16th July 2012 Nairobi, Kenya
There are days when you realise just how much of a privilege it is to be an Ambassador.
Growing up in the UK, I vividly remember watching Daley Thompson, Seb Coe and Steve Redgrave achieving Olympic glory. This year, our hopes rest on the likes of Jessica Ennis, Tom Daley, and, of course, Mo Farah – himself born in Mogadishu. That single-minded pursuit of an Olympic gold medal – the long hours of practice; the privilege of representing your country; competing with the best in the world – these are the things that can inspire a generation.
It was therefore an honour today to meet the Somali athletes who will take part in the London Olympics – Zamzam Farah Mohamed and Mohamed Mohamed Hassan. It was particularly poignant to do so following the tragic murder in April of the Head of the Somali Olympic Committee, Aden Yabarow Wiish – killed by an Al Shabaab bomb.
Both Zamzam and Mohamed are formidable, brave and keen to compete. Zamzam, only 20 years old, proudly told me that she will carry the Somali flag at the opening ceremony. She intends to compete in the 800m; and, if she can, the 400m and the 1500m as well. Mohamed, at 17, will run in the 1500m; he also wants to compete in the 5000m. Despite training in an old insurgent camp at the main Mogadishu stadium, and with little support, both will go to the Games as equals – toe to toe with the best athletes in the world. They carry the hopes of their country with tremendous pride.
The Olympics are about more than just sporting excellence. They are about promoting the principles and ideals of the Olympic Truce – mobilizing young people around the world in the pursuit of peace. The Olympics are also about hope; commitment; dedication and inspiration. They are about the values that bind us all together – celebrating endeavour, saluting achievement and bequeathing a better future to our children. I can’t think of anywhere on earth where these values matter more than Somalia.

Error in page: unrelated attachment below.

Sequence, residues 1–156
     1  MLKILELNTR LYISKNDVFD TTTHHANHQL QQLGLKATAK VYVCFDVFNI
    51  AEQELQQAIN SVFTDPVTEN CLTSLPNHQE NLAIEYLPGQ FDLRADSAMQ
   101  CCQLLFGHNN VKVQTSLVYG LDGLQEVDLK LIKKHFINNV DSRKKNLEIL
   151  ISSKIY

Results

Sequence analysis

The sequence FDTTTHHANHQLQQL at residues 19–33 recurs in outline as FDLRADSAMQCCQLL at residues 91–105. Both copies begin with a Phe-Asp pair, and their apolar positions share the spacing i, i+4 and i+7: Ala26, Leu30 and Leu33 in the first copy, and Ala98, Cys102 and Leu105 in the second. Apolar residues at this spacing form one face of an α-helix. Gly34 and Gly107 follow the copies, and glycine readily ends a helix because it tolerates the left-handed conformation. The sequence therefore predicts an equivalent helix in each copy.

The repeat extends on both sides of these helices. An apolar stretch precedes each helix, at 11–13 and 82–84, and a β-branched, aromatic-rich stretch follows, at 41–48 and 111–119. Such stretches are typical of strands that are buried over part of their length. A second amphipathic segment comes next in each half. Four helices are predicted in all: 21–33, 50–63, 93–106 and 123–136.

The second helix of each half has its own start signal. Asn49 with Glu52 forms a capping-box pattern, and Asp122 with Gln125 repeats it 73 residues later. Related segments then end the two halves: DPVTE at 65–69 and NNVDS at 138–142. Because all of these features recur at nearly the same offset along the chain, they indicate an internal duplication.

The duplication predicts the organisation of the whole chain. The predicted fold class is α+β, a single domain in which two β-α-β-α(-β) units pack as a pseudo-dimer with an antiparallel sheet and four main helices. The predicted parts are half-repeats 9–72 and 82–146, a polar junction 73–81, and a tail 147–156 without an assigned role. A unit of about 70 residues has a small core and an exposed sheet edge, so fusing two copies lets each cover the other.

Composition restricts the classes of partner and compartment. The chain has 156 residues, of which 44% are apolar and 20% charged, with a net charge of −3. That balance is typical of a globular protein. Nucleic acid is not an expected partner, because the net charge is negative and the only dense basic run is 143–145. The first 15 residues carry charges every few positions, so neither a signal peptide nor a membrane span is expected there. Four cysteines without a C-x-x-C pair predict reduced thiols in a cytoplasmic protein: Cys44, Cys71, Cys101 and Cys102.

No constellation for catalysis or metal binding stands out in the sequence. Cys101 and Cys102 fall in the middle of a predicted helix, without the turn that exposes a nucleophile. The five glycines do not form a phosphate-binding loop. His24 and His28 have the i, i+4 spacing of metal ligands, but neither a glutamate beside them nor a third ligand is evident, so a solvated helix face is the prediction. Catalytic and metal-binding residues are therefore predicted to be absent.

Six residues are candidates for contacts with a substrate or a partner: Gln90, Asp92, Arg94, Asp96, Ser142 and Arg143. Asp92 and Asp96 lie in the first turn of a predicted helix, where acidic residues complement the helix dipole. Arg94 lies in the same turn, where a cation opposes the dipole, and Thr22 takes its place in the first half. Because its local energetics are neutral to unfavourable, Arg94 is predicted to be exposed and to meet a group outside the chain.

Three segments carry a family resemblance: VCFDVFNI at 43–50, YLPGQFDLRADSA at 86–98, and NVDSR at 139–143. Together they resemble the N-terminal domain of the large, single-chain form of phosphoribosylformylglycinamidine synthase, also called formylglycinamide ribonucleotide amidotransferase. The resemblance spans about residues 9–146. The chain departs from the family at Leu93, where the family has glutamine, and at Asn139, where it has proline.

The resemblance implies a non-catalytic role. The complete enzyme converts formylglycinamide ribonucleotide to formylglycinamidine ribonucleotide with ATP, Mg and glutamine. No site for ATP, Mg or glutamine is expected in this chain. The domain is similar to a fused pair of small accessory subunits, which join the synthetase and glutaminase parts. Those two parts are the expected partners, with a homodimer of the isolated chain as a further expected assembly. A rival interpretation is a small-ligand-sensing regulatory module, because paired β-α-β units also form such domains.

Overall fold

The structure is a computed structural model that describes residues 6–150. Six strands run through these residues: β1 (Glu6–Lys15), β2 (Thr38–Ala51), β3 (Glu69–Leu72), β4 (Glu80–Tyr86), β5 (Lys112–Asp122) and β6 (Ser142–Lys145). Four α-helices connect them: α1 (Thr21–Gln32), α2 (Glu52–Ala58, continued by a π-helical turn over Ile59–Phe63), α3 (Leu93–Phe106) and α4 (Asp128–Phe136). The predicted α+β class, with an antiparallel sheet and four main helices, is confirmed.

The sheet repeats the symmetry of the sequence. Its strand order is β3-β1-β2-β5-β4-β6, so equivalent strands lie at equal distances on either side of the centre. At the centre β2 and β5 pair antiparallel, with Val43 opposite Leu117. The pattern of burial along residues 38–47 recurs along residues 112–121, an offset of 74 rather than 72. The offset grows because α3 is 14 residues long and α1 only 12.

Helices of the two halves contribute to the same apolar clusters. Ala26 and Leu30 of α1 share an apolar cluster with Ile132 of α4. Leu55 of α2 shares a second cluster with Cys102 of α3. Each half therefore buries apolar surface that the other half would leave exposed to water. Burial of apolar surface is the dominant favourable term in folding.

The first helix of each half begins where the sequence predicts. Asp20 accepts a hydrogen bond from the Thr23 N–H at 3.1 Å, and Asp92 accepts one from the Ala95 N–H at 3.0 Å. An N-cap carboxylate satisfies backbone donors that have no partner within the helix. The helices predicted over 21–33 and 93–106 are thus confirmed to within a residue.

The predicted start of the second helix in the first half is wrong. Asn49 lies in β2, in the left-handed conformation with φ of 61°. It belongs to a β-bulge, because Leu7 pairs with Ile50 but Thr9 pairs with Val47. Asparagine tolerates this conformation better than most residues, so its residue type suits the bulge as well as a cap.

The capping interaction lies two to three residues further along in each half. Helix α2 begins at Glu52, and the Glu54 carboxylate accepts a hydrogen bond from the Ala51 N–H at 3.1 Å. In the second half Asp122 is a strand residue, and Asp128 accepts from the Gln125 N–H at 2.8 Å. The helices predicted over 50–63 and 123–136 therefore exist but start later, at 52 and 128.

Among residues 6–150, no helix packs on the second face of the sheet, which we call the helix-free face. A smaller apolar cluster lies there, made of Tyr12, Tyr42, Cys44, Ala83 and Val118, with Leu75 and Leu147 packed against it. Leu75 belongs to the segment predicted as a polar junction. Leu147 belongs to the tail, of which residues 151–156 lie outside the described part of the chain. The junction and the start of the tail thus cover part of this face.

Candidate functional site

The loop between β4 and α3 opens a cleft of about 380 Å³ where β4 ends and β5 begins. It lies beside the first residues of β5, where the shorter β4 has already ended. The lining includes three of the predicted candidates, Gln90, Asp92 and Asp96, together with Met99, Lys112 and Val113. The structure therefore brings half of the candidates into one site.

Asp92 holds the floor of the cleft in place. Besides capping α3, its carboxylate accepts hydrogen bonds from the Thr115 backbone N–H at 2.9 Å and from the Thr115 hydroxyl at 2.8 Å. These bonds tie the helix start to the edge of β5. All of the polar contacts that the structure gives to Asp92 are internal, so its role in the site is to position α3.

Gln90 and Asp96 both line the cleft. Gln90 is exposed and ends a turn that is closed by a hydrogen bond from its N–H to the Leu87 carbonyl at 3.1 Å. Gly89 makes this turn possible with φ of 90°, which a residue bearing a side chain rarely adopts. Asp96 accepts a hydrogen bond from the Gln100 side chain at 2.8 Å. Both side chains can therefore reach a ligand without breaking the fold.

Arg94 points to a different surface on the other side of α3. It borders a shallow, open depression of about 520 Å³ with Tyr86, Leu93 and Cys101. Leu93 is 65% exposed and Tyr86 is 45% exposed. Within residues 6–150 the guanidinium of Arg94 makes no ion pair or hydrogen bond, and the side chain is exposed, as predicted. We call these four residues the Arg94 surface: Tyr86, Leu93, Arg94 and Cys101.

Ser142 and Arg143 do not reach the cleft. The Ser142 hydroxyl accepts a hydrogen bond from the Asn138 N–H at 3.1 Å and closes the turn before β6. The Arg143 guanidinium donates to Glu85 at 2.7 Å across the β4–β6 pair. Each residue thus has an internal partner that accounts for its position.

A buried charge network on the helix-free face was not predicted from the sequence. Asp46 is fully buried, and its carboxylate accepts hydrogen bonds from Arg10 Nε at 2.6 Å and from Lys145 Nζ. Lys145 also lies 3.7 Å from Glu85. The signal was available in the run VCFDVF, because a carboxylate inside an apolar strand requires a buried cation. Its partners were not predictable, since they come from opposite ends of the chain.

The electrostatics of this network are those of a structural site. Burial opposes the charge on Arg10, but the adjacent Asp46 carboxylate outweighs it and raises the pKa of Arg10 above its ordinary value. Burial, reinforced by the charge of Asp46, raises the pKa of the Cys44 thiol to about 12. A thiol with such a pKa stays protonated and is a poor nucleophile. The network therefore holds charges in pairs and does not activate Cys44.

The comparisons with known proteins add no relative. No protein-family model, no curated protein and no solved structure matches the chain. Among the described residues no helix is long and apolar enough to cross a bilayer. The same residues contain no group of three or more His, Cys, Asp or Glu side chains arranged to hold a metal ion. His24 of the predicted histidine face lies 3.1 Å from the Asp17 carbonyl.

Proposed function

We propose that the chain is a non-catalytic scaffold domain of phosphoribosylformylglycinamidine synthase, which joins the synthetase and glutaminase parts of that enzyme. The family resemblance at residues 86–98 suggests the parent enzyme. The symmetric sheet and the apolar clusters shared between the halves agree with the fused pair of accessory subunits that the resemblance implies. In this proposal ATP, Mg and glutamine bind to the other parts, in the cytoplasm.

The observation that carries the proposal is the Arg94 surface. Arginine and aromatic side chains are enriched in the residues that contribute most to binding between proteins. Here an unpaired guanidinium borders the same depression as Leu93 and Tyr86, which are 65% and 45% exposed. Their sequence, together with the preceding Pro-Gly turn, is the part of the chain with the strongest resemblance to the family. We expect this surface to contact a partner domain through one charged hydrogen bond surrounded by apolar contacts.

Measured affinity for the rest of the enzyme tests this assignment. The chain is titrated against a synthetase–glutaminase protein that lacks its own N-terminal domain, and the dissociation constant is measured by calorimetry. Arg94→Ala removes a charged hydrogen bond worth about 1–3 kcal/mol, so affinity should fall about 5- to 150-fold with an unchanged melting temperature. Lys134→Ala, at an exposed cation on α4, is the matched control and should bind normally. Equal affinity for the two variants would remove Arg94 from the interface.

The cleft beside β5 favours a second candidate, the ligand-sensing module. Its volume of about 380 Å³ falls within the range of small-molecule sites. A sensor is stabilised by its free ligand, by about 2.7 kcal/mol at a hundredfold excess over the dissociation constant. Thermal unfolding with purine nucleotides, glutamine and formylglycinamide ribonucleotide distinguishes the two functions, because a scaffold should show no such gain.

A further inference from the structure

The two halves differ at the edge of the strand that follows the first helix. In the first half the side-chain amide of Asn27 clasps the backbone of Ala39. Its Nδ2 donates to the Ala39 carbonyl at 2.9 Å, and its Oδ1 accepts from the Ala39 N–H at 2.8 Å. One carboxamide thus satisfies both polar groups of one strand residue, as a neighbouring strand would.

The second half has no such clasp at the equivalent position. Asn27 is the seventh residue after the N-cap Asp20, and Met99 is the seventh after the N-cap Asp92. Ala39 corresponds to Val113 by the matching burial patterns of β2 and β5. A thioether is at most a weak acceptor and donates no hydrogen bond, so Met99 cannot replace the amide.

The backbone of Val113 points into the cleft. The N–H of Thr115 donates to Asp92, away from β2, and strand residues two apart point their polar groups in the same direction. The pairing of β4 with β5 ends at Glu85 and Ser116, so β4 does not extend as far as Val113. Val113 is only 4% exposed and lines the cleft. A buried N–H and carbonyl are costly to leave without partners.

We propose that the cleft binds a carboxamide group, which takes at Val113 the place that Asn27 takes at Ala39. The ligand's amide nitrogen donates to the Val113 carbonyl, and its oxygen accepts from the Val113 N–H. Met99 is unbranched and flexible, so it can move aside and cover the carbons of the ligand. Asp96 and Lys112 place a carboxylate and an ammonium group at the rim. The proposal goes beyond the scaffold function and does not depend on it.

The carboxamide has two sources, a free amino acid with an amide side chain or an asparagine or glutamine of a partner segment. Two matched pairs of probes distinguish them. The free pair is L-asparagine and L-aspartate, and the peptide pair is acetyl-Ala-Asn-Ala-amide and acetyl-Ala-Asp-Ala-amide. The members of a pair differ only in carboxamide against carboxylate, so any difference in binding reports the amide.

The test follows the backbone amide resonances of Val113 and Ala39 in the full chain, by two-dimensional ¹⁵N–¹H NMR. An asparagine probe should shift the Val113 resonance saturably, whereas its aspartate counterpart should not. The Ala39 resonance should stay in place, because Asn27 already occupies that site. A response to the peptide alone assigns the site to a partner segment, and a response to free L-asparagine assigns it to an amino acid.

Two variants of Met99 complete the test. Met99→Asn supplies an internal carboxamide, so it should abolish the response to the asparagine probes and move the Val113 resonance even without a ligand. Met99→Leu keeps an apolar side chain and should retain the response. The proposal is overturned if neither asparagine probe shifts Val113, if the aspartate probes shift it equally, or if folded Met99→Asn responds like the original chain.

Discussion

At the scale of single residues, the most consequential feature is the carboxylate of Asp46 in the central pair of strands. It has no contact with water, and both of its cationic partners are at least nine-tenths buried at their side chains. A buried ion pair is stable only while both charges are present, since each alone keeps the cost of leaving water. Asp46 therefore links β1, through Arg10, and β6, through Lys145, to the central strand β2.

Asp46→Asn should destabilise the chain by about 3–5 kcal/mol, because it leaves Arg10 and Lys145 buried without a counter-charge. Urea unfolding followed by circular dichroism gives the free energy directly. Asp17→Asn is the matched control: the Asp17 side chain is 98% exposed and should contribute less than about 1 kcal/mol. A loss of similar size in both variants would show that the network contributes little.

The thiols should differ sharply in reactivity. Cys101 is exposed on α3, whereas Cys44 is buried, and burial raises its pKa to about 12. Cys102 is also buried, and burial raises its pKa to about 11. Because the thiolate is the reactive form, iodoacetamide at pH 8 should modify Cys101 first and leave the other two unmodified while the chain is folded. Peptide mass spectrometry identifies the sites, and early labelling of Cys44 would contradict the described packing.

Earlier this year, we hosted the London Conference on Somalia – an opportunity for world leaders to support a new chapter in Somalia’s history. A stable, more peaceful Somalia is emerging – with the commitment of Somalia’s leaders and the courage and dedication of the likes of Zamzam and Mohamed: extraordinary young Somalis determined to make a difference.
In two weeks’ time, we look forward to welcoming Somalia once again to London – this time to compete in the greatest show on earth. As the first British Ambassador to Somalia for twenty years, it’s a huge privilege to know that Somalia will be there. Together, we can make 2012 a year to remember – for both the UK and Somalia.
My hope is that Zamzam and Mohamed will inspire a new generation – just as the great Somali athlete Abdi Bile did many years ago. Meeting them, you realize they already have. Like any other Olympic athlete, they dream of success.
Maybe, just maybe, they can touch gold. Like them, I hope they do.